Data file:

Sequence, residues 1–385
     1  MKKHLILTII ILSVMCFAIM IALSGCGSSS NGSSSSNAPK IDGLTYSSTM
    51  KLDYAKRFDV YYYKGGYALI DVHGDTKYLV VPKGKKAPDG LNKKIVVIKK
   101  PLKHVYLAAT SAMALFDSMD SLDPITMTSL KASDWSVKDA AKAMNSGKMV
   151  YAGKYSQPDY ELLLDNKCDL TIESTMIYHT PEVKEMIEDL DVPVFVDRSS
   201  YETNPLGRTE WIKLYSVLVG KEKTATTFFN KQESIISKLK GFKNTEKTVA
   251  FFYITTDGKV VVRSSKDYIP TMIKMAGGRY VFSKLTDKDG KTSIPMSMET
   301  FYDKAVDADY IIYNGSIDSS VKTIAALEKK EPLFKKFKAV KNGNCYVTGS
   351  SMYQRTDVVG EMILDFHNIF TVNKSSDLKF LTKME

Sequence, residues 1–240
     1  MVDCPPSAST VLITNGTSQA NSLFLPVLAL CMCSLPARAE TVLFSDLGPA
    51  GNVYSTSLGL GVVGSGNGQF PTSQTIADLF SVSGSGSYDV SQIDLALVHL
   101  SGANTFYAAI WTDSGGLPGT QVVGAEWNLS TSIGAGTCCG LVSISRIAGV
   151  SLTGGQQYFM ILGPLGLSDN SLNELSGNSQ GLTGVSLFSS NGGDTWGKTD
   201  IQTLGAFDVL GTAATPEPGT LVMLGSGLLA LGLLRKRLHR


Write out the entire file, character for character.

Sequence, residues 1–385
     1  MKKHLILTII ILSVMCFAIM IALSGCGSSS NGSSSSNAPK IDGLTYSSTM
    51  KLDYAKRFDV YYYKGGYALI DVHGDTKYLV VPKGKKAPDG LNKKIVVIKK
   101  PLKHVYLAAT SAMALFDSMD SLDPITMTSL KASDWSVKDA AKAMNSGKMV
   151  YAGKYSQPDY ELLLDNKCDL TIESTMIYHT PEVKEMIEDL DVPVFVDRSS
   201  YETNPLGRTE WIKLYSVLVG KEKTATTFFN KQESIISKLK GFKNTEKTVA
   251  FFYITTDGKV VVRSSKDYIP TMIKMAGGRY VFSKLTDKDG KTSIPMSMET
   301  FYDKAVDADY IIYNGSIDSS VKTIAALEKK EPLFKKFKAV KNGNCYVTGS
   351  SMYQRTDVVG EMILDFHNIF TVNKSSDLKF LTKME

Sequence, residues 1–240
     1  MVDCPPSAST VLITNGTSQA NSLFLPVLAL CMCSLPARAE TVLFSDLGPA
    51  GNVYSTSLGL GVVGSGNGQF PTSQTIADLF SVSGSGSYDV SQIDLALVHL
   101  SGANTFYAAI WTDSGGLPGT QVVGAEWNLS TSIGAGTCCG LVSISRIAGV
   151  SLTGGQQYFM ILGPLGLSDN SLNELSGNSQ GLTGVSLFSS NGGDTWGKTD
   201  IQTLGAFDVL GTAATPEPGT LVMLGSGLLA LGLLRKRLHR